Talk:Fedchenko Glacier

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Other glaciers[edit]

There are larger non-polar glaciers in the Saint Elias Mountains (in Alaska, Yukon, & British Columbia), notably the Malaspina Glacier (3,900 km2), and probably also the Logan Glacier and the Hubbard Glacier. Note that these glaciers are partially south of 60 degrees north, at approximately the same latitude as Oslo, Stockholm, Helsinki and Saint Petersburg, which are not really considered polar cities. Luigizanasi 21:28, 8 December 2005 (UTC)

It seems the glaciers you mentioned all lie partially north of the 60th parallel, which the references seem to consider within the "polar region". Thus, it seems like an accurate statement. - Bantman 01:22, 9 December 2005 (UTC)
There are many definitions of polar regions and of the arctic based on latitude, ecology or climate, but these glaciers are well south of whichever definition you choose. The Arctic Circle — i.e. where the Midnight sun starts — is 66° 33' 39" north of the Equator. 60° North is about 400 nautical miles or well over 700 kilometres south of the Arctic Circle and 1,660 kilometres south of the pole; it is only two-thirds of the way to the pole from the equator. The land north of these glaciers and the Kluane Icefields is boreal forest for hundreds of kilometres, well beyond the Arctic Circle, not arctic tundra. The climate north of the glaciers is classified as Subarctic climate, not arctic or Polar climate, while south of them is maritime subarctic. The Kluane icefields from which these glaciers stem are often referred to as the largest non-polar icefields in the world, so we can't really have both. I hope I have convinced you. :-) Luigizanasi 02:55, 9 December 2005 (UTC)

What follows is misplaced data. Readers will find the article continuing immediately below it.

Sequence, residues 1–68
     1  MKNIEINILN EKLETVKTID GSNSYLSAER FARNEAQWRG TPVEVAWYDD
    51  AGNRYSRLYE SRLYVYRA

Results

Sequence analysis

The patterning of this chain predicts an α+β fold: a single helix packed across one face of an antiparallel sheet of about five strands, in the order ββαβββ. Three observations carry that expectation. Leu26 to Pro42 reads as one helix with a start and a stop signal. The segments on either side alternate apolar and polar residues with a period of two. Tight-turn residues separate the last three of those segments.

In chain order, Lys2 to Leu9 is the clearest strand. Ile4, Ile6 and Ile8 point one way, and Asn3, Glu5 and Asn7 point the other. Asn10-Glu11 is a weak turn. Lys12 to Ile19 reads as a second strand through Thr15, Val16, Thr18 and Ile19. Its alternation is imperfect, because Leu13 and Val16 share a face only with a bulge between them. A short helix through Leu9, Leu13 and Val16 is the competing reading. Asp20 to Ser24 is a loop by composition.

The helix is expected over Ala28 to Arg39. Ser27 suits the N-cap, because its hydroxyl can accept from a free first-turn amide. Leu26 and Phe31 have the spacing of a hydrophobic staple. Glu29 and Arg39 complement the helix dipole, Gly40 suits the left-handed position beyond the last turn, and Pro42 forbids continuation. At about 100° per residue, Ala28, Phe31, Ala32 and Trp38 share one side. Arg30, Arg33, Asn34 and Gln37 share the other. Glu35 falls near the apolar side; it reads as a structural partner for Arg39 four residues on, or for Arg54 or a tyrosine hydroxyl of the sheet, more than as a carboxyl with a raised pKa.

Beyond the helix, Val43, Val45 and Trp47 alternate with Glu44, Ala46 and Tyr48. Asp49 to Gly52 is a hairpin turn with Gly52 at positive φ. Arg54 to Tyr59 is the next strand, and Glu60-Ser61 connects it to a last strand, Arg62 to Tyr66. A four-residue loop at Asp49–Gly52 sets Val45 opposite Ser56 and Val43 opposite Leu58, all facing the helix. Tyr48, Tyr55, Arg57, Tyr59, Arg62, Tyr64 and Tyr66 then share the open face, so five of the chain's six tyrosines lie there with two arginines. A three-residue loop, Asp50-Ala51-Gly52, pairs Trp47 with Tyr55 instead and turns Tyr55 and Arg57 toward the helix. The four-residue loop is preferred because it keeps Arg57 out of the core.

You don't really have to convince me; I have no personal knowledge on the subject! :) However, according to the references used for this article, both Britannica and the US Government state that it is the "largest glacier in the world otuside the polar regions." The difference between your position and theirs seems to be the definiion of "polar regions"; they seem to be interpreting that phrase to cover more area than you do. Ideally, we can find a reputable reference that holds the same position you do; then we can lean on that to make the distinction. Otherwise, I'm not sure how to deal with this... perhaps change the phrase to something like "largest glacier in the world lying completely within the middle latitudes" and adding a parenthetical statement explaining our divergence from our references, like "(although some sources note the Fedchenko Glacier as the largest glacier outside of the polar regions, glaciers X and Y in fact lie completely south of the Xth parallel)". What do you think? - Bantman 18:05, 9 December 2005 (UTC)
Well, it won't be the first time Britannica is wrong. And I think Alaskans and the US National Parks Service might have something to say about what the army claims. :-) I just googled "non-polar glacier" and it seems a number of other glaciers also make that claim including Siachen Glacier [1], in the Himalayas; Nabesna Glacier (US National Parks Service); and even the Columbia Icefield in the Canadian Rockies. Probably either best leaving the claim out entirely, or saying "one of the largest non-polar glaciers" until someone compiles a verifiable list of the areas (and possibly) volumes of glaciers across the world. Luigizanasi 19:11, 9 December 2005 (UTC)
Sounds like a good solution to me. Let's do it. - Bantman 22:33, 9 December 2005 (UTC)